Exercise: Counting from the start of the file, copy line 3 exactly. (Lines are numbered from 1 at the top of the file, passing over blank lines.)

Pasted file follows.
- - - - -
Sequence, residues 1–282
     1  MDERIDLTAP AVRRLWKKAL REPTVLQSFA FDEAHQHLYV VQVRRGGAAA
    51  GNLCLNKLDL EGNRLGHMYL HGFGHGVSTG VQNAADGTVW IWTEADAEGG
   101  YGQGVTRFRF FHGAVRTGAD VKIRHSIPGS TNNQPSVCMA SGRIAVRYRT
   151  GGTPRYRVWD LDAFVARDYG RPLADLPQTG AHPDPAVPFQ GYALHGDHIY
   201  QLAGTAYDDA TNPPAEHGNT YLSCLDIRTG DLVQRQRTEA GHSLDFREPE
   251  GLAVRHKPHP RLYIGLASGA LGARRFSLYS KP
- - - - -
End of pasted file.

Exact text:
    51  GNLCLNKLDL EGNRLGHMYL HGFGHGVSTG VQNAADGTVW IWTEADAEGG